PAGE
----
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Solo For Two © Ambra Vernuccio
© Julian Cole
© Koen Broos Eastman
© Michael Reinhart
© Michael Reinhart


Researching the physical language of laments

featuring Irene Coticchio from the Cowbirds

In this field project Brazilian-British choreographer Jean Abreu and the Viennese based, Belgian dance dramaturg Guy Cools want to deepen their shared research in the physical language of mourning in function of a new creation they are preparing for 2020.
How do we deal with experiences of loss? In most cultures, rituals of mourning were practiced as a way to express grief and its emotions, such as sadness, but also anger. We have to perform our mourning in order for these emotions to liquefy and to restore the energy flow in the body. One of the most powerful ways to do this, are forms of lamenting, that existed in most cultures, but were threatened with disappearance in the 20th century. The last decades both scholars and artists have been reinvesting in these traditional forms, such as the Greek moiroloi or the Irish keening, in order to revive them and articulate them within a contemporary practice.

The traditional laments dialogue with those who are absent (not only through death, but also for instance because they emigrated). They use a polyphonic structure, alternating between language and non-language (stylized forms of crying and sobbing). And they were often accompanied with ritualized movements.
Already in their previous collaboration, Solo for Two, Jean Abreu and Guy Cools researched part of these traditions. They will now expand their research in function of a new trio. They will research how:
• To use polyphony and polyphonic music as a structural element for a choreographic exploration. This aspect will also involve voice work, possibly learning some of the songs.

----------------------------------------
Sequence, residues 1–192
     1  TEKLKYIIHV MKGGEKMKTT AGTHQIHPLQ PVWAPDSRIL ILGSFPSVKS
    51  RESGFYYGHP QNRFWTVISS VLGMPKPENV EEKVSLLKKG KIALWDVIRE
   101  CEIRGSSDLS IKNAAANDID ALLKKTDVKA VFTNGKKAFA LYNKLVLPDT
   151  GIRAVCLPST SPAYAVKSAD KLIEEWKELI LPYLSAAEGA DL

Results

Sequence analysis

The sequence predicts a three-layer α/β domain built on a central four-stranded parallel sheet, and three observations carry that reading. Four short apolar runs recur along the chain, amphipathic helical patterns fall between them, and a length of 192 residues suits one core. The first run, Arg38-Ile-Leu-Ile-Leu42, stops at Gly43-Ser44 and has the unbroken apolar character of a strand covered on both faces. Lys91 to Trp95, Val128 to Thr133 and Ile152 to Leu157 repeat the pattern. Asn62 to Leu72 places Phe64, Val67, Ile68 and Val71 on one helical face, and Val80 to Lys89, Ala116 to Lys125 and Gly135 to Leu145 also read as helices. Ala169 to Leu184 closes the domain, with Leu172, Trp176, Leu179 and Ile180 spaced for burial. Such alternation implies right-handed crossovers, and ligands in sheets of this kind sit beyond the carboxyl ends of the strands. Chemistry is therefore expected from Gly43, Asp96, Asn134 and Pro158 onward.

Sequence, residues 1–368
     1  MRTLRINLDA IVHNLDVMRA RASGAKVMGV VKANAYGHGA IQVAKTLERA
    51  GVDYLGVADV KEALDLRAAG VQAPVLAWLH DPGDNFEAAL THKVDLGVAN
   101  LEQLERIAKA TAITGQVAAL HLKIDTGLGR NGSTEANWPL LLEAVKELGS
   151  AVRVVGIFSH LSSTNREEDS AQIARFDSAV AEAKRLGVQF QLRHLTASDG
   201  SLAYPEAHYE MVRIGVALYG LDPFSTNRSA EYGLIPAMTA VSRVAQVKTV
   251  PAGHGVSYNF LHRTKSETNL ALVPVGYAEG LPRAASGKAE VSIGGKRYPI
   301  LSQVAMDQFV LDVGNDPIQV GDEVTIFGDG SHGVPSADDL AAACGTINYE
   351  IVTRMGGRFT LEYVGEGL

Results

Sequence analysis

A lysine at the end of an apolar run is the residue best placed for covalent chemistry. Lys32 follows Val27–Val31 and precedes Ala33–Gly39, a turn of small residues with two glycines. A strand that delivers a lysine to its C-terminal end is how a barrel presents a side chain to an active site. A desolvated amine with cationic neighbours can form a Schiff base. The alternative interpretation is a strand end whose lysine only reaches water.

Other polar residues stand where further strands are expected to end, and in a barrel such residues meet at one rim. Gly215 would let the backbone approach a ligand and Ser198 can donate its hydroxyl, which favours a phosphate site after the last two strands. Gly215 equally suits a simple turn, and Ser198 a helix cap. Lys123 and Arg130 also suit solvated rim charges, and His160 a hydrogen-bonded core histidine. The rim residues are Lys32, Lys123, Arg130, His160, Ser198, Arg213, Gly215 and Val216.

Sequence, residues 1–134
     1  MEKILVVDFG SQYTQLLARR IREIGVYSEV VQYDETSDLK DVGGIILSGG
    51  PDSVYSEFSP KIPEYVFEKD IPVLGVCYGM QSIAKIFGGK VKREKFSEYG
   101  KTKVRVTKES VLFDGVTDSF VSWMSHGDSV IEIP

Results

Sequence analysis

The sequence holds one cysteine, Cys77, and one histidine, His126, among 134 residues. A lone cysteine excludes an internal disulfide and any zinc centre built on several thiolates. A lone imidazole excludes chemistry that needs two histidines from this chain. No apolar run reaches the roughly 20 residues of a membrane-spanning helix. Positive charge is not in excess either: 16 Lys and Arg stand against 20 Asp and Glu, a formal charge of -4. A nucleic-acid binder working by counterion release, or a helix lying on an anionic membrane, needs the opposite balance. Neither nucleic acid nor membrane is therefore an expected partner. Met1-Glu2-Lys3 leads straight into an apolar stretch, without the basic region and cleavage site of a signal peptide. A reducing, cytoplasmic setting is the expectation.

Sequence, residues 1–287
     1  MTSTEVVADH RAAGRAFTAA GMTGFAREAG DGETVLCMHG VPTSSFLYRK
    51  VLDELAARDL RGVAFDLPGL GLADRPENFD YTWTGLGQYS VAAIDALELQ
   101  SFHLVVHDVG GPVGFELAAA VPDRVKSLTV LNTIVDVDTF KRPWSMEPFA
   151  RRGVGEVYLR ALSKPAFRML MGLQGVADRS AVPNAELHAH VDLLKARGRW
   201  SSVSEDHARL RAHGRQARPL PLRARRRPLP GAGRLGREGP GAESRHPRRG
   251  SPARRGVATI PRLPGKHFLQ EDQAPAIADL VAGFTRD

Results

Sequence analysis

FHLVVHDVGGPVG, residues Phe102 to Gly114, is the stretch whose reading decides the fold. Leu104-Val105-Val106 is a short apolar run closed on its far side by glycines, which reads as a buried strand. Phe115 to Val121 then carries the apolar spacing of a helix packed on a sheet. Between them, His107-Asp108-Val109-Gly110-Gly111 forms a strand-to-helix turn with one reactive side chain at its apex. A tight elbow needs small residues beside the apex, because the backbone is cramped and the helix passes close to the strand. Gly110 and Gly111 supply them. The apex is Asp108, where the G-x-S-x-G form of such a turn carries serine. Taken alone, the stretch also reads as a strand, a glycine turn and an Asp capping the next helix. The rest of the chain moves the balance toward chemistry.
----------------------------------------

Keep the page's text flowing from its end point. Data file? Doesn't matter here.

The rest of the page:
• To look at the repetitive and cyclical aspect of the lamentations songs as an embodiment of loss, exploring the relentless wave-like sensations.
• To develop a physical language that expresses this relentlessness of grief, in order to find ways of letting go: researching not only the ‘fall’, but also the ‘re-bounce’.
• To explore the power of being vulnerable and embodying one’s emotions, which is mainly a female power.
• The latter has also a political dimension, since the traditional laments were often not only a way to express and eventually let go of pain, but often also became a protest against patriarchy.

For the field project, we invite professional dancers and singers who would like to research with us how to voice and physicalize the language of laments in a present-day context.

Jean and Guy will be joined by Irene Coticchio from the Cowbirds who will teach every day a class in a polyphonic singing.

Irene Coticchio
Sicily born Irene Coticchio is performer, actress, singer and linguist. She’s been working in several productions, cooperating with internationally renowned artists (i.e. Robert Wilson, Andrew De. L Harwood, Daria De Florian, Walter Manfrè) and creating her own pieces. She’s got an eclectic education and interests and she’s interested in formats with cross over of disciplines, genres and styles. Since 1996 she’s been leaving and working in Vienna. 2001-2017 she’s been part of the performance group Toxic Dreams. Since 2006 she’s been dedicating herself to researching Sicilian and South Italian traditional music and in 2008 created her own music ensemble Irene Coticchio Trio/Continente Liquido with which she’s performing regularly. She is member of Cowbirds, a collective researching and performing monodic and polyphonic songs from Corsica and Sicily.
Lately she’s been collaborating with the musician Dimitris Kontouras (GR) and the composer Periklis Liakakis (GR/A). Irene is teaching extensively voice practice for singers, actors and dancers in several institutions. Recently she’s been lecturing on South Italian traditional music i.e. at the Institute for Romance Studies at the University of Vienna.